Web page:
Something amazing happened last Friday. It was so great that I suddenly wasn’t so sad to be riding the trolley to work.
Henry texted me and said that his new co-worker asked us to hang out that Sunday.
Not just Henry.
But me, too!
The reason this is a big deal isn’t because we’re like, mountain moles who never get invited to do things, but in the 11 years Henry has been at his job, I have never actually met anyone he works with!
(Because this is how Henry prefers it, I suppose. Me and my mouth, god knows what will happen!)
“—scary,” Henry cut in as I was about to say, “monumental.”
It’s also a big deal because his new co-worker — Andrew– is from ENGLAND and has only lived here for the last three years. Yes, I want to hang out with a British dude!
When I got to work, I cried to Glenn and Todd in my standard brand of hyperventilation, “Guess who I get to hang out with on Sunday?!”
“G-Dragon!” Glenn guessed in faux-excitement.
And then I wasn’t as excited because now I was just thinking about how I could have been hanging out with G-Dragon instead.
In some alternate reality.
So how it all went down is that a few weeks ago, Andrew asked Henry if he had ever heard of St. Anthony’s church, the home of the largest collection of relics outside of the Vatican. Henry told him that yes, he had heard of it, and that I had actually been there. Andrew and his wife were interested in checking it out and asked if we wanted to join them. UM, YESSIR WE DO!
Also, I love St. Anthony’s. It’s one of Pittsburgh’s many hidden gems. I had never heard of it until my religion professor at Pitt mentioned it once in class and I was all, “OH HELLO I’M WOKE MY NAP. TELL ME MORE.” I have these types of things! It took a few years, but I finally visited the venerable Troy Hill church in 2011 and I won’t lie even a little – actual tears were shed.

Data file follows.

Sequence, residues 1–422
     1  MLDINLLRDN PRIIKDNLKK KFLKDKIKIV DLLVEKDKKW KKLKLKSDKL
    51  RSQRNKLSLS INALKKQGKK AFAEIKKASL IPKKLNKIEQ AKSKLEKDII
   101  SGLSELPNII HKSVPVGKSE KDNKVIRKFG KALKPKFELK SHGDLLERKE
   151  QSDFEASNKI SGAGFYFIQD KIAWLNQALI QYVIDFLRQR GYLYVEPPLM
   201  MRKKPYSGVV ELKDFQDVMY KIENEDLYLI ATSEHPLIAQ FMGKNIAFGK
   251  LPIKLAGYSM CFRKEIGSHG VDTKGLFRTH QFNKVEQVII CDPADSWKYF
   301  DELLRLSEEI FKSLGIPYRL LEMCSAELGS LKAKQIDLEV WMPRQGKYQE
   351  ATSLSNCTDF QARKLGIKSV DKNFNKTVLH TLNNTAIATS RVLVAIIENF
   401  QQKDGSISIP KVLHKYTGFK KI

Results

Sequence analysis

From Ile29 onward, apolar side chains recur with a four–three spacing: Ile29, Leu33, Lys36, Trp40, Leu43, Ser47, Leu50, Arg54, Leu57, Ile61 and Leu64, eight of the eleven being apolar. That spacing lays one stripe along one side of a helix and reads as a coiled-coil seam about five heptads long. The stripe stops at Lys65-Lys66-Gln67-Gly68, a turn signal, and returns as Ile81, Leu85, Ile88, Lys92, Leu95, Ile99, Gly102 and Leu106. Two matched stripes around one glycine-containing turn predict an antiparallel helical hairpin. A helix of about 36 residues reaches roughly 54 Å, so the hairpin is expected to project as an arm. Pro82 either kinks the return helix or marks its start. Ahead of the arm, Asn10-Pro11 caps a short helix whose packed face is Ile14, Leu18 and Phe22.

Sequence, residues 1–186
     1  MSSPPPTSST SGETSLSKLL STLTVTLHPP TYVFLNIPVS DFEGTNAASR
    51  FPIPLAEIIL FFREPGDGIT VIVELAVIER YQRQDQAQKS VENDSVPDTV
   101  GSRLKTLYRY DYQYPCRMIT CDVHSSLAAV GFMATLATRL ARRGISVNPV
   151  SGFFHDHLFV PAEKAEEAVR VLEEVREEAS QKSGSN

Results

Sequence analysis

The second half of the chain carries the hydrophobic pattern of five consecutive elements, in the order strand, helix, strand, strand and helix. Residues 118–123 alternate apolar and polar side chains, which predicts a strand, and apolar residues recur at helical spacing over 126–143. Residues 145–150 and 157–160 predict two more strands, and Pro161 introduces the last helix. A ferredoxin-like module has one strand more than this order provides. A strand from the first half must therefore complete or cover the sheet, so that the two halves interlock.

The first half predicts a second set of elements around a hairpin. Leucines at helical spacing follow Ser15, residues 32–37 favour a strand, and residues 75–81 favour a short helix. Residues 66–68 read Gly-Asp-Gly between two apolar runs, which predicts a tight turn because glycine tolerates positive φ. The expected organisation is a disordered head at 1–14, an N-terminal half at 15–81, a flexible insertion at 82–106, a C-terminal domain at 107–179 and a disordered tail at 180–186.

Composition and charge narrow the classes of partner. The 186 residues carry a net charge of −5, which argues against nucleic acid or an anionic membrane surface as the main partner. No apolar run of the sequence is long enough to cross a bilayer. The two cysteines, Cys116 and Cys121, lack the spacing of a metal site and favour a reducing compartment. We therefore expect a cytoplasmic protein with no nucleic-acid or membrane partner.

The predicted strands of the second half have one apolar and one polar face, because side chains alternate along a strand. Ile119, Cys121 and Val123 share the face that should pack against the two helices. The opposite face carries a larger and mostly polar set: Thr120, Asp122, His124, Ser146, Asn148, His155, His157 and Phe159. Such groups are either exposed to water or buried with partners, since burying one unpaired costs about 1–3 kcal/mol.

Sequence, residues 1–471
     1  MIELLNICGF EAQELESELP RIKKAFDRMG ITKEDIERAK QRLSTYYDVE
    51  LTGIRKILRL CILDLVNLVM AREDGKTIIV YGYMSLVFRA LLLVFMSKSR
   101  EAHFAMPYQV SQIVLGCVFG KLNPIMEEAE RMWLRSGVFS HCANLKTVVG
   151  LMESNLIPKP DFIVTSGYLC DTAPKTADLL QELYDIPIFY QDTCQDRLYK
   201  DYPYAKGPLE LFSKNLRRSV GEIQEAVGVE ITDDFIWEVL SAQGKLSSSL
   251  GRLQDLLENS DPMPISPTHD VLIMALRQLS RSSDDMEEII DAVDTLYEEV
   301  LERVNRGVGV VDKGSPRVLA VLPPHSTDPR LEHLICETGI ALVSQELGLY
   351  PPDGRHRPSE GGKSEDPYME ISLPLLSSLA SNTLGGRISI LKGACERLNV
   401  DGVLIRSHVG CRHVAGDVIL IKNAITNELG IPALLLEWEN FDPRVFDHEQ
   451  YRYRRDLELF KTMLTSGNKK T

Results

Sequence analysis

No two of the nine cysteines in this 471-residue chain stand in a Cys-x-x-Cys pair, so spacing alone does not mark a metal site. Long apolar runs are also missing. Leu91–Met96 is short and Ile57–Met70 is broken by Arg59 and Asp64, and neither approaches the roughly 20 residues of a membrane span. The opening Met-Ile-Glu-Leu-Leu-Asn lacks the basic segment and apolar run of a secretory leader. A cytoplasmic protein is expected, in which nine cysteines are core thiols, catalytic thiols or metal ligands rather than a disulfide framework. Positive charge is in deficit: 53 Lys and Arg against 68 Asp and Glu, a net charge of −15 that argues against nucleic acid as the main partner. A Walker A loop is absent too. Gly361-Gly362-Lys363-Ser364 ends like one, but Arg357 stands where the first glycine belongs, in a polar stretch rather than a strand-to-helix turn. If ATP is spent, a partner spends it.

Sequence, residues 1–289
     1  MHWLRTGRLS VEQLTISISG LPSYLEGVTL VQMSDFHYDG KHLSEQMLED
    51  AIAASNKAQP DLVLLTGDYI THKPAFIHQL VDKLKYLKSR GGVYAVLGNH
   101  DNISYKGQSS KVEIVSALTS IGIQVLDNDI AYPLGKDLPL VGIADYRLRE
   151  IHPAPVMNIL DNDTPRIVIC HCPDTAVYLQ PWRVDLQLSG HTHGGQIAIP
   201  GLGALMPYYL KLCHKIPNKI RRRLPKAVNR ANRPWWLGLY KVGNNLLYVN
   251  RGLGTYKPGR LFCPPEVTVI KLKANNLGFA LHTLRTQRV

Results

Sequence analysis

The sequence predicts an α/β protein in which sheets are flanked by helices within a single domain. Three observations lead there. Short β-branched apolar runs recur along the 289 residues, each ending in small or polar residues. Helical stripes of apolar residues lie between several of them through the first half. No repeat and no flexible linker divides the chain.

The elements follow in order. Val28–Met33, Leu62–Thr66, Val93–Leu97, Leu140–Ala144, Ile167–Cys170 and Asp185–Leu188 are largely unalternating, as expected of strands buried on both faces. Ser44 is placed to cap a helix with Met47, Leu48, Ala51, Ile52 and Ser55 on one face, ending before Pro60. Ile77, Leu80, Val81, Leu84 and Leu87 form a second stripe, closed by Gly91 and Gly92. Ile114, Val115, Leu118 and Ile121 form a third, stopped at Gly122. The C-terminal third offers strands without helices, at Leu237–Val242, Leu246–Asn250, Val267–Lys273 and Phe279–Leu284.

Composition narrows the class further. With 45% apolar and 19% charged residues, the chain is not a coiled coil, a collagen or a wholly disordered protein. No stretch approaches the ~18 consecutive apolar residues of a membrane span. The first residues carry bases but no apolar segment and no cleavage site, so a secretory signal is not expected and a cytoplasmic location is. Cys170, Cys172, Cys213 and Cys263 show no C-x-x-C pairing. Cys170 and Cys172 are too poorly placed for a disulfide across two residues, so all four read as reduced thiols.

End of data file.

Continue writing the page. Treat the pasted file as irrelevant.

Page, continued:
I even bought this St. Rita medallion in the gift shop, which is a third-class relic. That means it touched either a first-class (actual bone/body part) or second-class (article of clothing, etc) relic, for all you relic dunces out there.
I keep it in a poison tin on my desk at work:
Needless to say, I was so fucking stoked for last Sunday!
We found Andrew and his wife Karen across the street from the church, in the gift shop. Henry continuously blocked me from actually entering the gift shop though, because he’s tired of all the religious memorabilia I’m always trying to smuggle in the house. (My bathroom is church-themed.)
Right off the bat, some old man came up to Henry and placed a stack of burned DVDs in his hand and told him if he watched them, he’d have a halo over his head.
Henry was like, “OK cool story, bud” and then we all went upstairs to check out the museum (literally just two small rooms – you can read all about that in my original blog post about St. Anthony’s if you feel so compelled), and Andrew told us all about the old as shit churches in his hometown in England, and Chooch looked like he was going to cry because England is to him what Korea is to me, and anytime it comes up in conversation that I’ve been to England, like, 8 times, he gets furious.
Last night, he found out that I’ve been to Paris numerous times too and steam began unfurling from his nostrils.
This is the shit I live for as a parent.
Anyway, I immediately got good vibes from both Andrew and his wife and felt comfortable talking to them. I can definitely come off stiff and standoffish at times when really I’m just BEING SHY.
Finally, we went to the church! There was some large church group there getting a tour, so we were told to just join them and then come back again for a full tour, which was kind of bullshit but OK fine. I’ll come back. I can’t resist the seductive charm of those goddamn relics.